The films deals with the mutilation that young women have to undergo, an ancient tradition that still has to be dealt with completely, and Sembène decides to portray the women of Africa, both old and young, at a crossroads between tradition and modernity. Sembène, with his highly politicized but ultimately benevolent and sincerely humane cinematic eye, gave a voice to the voiceless.


7. Woody Allen

Blue Jasmine (2013)

The list of female leads in Woody Allen films  (often acting alongside male characters who are somewhat similar to Allen in attitude, or alongside Allen himself) is endless.

Mia Farrow, Diane Keaton, Gena Rowlands, Drew Barrymore, Emma Stone, Scarlett Johansson, Barbara Hershey, Helen Hunt, Mariel Hemingway, Marion Cotillard, Cate Blanchett, Dianne Wiest, Ellen Page, Rachel McAdams, Samantha Morton, and Anjelica Huston are some of them.

Despite the criticism he received in his private life, Allen never ceased to treat women in his films with the complexity and the reverence of a man who is puzzled, amused, and enamored with femininity.


6. Mikio Naruse

When a Woman Ascends the Stairs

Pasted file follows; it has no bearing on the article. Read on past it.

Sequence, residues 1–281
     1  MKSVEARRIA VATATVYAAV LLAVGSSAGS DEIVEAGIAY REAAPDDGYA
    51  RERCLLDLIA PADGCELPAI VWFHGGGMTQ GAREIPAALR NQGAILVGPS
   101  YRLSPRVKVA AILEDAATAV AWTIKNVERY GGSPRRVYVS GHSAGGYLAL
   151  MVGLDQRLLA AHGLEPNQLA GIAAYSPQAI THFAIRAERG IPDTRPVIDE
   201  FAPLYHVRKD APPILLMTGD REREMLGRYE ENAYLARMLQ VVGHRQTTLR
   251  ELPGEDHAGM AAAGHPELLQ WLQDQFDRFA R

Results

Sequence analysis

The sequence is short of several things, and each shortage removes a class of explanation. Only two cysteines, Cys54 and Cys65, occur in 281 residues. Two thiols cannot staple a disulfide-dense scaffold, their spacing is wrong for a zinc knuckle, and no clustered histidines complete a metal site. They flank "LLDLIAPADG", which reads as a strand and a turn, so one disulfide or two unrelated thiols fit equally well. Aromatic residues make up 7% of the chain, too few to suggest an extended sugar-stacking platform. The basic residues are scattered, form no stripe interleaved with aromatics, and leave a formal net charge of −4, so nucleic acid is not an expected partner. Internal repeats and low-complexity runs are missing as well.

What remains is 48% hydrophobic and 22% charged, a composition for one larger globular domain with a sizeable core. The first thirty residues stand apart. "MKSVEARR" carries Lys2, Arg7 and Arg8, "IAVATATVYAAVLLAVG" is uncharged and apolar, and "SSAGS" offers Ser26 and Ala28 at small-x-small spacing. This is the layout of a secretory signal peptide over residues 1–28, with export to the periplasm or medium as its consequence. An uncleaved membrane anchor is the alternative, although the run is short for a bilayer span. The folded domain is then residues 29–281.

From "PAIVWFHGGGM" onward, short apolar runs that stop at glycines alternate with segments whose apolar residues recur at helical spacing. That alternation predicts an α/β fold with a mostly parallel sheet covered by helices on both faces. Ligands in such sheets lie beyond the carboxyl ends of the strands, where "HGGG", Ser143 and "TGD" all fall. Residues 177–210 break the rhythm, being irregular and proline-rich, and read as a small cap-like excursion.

Mikio Naruse is one of the most beloved Japanese directors and has been described as “a great director of women”. In “Late Chrysanthemums”, a film from 1954, he describes with great nuance a total of four female leads; one of his most neorealist efforts is instead “Every Night Dreams”, a film from 1933. In Naruse’s canon, there are four films that stand above the rest: “Repast”, “When a Woman Ascends the Stairs”, “The Sound of The Mountain”, and “Floating Clouds”.

Naruse is interested in women and their ordeals, which often have tragic consequences, but his characters are strong and determined. Other notable films of his endless canon are “Wife” “Husband and Wife”, “A Wife’s Heart”, “Apart from You”, “Mother”, and “Lightning”, among others.